Figure 2. Emergency Communications for All Smartphone App for Android
Figure 2 Text Description [Select image to enlarge]
First Crush™ Electric Pill Crusher
This product is the first ever automated pill crusher, and was conceived and designed by the RERC on Technology Transfer and brought to market by First Wave Technologies. Its patented 'dual action' crushes and grinds pills, turning them into a fine powder. Full automation provides better staff utilization and reduces repetitive motion injuries by eliminating the strength needed to crush pills manually. Complete RX Cups have a textured surface allowing for direct grinding action, and allow a caregiver to crush, mix and serve from the same container.
Figure 3: First Crush™ Electric Pill Crusher
Figure 3 Text Description [Select image to enlarge]
Copyright © 2010 First Wave Technologies, Inc.
All rights reserved. Reprinted by SEDL with permission.
MORPH™ Foldable Wheelchair Wheels
The world's first foldable wheelchair wheel is now available on the market for purchase as a result of collaboration with the Mobility RERC, Maddak, Inc. and Beneficial Designs, Inc. Designed for travel in cars, trains, and airplanes, the wheels fold for easy storage, and will even fit in airplane overhead storage compartments. Weighing only 7.5 lbs. each, the wheels measure 24” in diameter, each folding down to a compact 32” x 12.5”. The convenient size and weight reduce painful strain when transferring to vehicles, and allow wheelchair users greater flexibility to travel without being limited by storage space. The MORPH wheel is designed to fit all wheelchairs with a quick release axle, and can be installed without complex tools. It passes the RESNA/ANSI impact, curb drop, and double test standards, and the quick release axle ensures wheels do not fold unintentionally. Launched in 2013, the MORPH wheel has already received two awards, the Medtrade 2013 Innovation Award, and the London Design Museum 2013 Product of the Year in Transportation.
Figure 4: MORPH™ Foldable Wheelchair Wheels
Figure 4 Text Description [Select image to enlarge]
Copyright © Maddak, Inc. Reprinted by SEDL with permission.
Tupperware® Fuel Pack
This easy open/easy close food storage system was developed in collaboration with the RERC for Technologies for Successful Aging with Disability (OPTT-RERC) and Tupperware Brands. Its unique design reduces the amount of strength required for use–which is an advantage for all people with less than average hand strength, including children, as well as older adults who may have arthritis. The product's tight-grip hinged system ensures that lids are not lost. The company picked children as the appropriate initial market entry point, and therefore included an etched half-way capacity measure for portion control that follows recommended serving sizes for kids on the current version of the product. A second version, branded for the older adult population is slated for later release.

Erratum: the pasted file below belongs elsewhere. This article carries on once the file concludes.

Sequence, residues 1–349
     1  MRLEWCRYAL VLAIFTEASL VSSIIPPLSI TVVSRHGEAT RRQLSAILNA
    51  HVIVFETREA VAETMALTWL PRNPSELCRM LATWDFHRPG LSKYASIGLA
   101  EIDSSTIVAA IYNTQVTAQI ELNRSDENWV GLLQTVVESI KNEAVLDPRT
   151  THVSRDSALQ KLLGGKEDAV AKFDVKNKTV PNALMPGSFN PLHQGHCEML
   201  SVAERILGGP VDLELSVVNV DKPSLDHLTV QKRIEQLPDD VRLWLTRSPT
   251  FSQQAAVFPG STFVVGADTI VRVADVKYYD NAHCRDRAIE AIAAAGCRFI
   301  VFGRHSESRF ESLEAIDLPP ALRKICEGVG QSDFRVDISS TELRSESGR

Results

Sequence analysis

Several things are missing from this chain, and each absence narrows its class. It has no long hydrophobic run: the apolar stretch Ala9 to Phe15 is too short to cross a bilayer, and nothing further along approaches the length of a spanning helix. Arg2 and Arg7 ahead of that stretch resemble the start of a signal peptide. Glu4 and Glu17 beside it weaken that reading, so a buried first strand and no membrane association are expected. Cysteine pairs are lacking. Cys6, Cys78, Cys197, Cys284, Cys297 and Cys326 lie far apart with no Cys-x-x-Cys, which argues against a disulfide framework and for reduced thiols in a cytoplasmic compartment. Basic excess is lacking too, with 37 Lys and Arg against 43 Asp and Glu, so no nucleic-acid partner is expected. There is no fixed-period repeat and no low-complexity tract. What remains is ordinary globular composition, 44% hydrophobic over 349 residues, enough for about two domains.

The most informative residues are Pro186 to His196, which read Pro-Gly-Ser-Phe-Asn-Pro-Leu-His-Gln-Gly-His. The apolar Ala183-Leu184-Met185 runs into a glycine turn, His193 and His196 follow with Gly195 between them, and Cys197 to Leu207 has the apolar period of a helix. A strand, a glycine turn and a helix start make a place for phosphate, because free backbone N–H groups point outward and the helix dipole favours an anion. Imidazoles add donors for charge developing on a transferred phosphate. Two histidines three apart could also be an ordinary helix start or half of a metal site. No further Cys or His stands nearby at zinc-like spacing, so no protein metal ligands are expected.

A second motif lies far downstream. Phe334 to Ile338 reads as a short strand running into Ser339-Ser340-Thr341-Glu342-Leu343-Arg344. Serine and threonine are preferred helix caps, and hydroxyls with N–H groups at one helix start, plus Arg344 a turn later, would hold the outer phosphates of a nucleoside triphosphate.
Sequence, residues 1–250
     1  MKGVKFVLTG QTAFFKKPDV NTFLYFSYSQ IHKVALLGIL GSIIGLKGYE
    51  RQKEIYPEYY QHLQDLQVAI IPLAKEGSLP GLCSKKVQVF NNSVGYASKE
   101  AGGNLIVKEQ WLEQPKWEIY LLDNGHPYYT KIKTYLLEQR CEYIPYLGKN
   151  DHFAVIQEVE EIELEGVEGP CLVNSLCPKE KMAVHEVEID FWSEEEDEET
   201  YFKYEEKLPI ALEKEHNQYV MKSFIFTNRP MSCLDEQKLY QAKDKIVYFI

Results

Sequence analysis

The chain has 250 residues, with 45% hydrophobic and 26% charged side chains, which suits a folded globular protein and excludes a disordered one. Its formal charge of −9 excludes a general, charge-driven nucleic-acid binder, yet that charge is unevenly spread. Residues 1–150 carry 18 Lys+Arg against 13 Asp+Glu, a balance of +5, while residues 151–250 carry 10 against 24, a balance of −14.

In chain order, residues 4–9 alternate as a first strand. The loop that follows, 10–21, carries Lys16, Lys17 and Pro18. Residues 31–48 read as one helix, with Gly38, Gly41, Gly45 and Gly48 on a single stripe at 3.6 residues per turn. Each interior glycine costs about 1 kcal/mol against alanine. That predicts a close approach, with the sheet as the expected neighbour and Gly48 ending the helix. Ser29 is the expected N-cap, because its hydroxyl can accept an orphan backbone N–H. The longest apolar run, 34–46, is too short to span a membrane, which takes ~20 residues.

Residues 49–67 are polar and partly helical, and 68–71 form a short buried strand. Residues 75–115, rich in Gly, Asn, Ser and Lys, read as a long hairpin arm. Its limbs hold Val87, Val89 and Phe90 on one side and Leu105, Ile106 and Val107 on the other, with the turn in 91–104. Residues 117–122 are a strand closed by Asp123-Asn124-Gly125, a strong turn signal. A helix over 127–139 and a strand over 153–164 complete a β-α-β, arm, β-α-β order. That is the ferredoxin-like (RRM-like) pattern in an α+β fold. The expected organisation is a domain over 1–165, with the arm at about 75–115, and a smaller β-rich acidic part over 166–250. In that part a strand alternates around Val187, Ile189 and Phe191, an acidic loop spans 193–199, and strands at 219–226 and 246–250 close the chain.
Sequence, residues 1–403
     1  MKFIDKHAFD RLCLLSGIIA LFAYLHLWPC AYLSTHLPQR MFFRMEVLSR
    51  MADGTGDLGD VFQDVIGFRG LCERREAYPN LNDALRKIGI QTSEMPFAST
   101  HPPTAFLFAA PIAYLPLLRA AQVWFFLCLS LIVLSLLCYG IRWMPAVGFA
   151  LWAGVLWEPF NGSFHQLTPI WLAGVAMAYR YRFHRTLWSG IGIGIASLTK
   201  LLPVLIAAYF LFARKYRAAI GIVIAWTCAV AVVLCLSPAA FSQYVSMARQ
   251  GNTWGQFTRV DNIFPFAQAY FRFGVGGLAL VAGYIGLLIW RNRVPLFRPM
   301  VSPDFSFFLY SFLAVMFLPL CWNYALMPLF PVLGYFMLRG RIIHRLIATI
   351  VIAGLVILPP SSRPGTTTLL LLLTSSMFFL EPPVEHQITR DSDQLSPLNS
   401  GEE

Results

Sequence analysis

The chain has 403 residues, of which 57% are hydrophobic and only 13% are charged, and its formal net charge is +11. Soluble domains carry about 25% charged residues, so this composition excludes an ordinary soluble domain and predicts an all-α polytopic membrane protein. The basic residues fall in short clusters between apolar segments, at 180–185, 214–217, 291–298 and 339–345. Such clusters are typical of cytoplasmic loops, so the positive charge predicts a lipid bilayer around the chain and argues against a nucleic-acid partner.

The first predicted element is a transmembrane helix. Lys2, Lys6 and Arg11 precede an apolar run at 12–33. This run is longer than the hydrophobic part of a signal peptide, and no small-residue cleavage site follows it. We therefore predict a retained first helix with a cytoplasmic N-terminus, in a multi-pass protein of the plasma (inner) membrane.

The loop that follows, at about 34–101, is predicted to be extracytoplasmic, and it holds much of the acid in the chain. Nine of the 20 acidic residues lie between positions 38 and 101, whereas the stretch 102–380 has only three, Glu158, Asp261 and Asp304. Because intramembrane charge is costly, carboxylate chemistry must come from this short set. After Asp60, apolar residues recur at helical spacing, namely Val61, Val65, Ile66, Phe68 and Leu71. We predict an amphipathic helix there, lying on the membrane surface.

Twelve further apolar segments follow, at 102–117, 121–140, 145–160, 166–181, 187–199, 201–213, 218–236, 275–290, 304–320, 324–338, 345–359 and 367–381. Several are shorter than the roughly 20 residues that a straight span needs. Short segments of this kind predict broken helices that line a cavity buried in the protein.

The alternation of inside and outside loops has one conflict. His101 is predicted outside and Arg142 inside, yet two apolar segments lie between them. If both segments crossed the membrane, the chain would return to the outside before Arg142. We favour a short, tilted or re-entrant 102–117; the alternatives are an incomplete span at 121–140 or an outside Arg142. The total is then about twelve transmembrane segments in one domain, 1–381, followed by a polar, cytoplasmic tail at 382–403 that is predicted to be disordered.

Image reprinted by SEDL with permission.
Hearing Companion App
This electronic ear smartphone application for Android was developed in collaboration with SBIR award winner CreateAbility Concepts, Inc. to help people who are deaf or hard-of-hearing to identify sounds in their environment. The app works with multiple data plans, connecting to the internet via cellular Internet or Wi-Fi, and instantaneously communicating with CreateAbility's server (cloud) to identify sounds. The app supports touch screen and keyboard input, and is operable with Bluetooth® microphones that are optimized for sounds in addition to voice. It can also be used with a dashboard mount to detect in-car sounds from police, fire trucks, and ambulances. The Hearing Companion comes with a lifetime upgrade on new versions and the license can be migrated to a new phone, ensuring it will be of value to the user for years to come.
Figure 6. Hearing Companion Smartphone App for Android
Figure 6 Text Description [Select image to enlarge]
Hearing Companion, CreateAbility Concepts, Inc. (CCI), Carmel (Indianapolis), IN.
Copyright © 2011 by CCI. Android is a trademark of Google Inc. Reprinted by SEDL with permission.
Explore a free and accessible knowledge base containing thirty years of information and resources that are helpful for planning, doing and managing your technology transfer and knowledge translation processes.
From the following page, you can explore knowledge base content: http://kt4tt.buffalo.edu/knowledgebase
Tap into our publications and presentations to improve innovation policy.